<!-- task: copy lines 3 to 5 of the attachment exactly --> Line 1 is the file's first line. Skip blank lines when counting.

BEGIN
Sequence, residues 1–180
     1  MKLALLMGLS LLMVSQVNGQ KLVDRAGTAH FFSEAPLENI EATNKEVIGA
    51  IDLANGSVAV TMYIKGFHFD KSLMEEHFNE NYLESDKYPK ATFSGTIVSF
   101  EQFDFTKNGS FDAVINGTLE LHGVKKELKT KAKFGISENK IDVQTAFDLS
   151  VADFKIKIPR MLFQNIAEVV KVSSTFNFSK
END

    51  IDLANGSVAV TMYIKGFHFD KSLMEEHFNE NYLESDKYPK ATFSGTIVSF
   101  EQFDFTKNGS FDAVINGTLE LHGVKKELKT KAKFGISENK IDVQTAFDLS
   151  VADFKIKIPR MLFQNIAEVV KVSSTFNFSK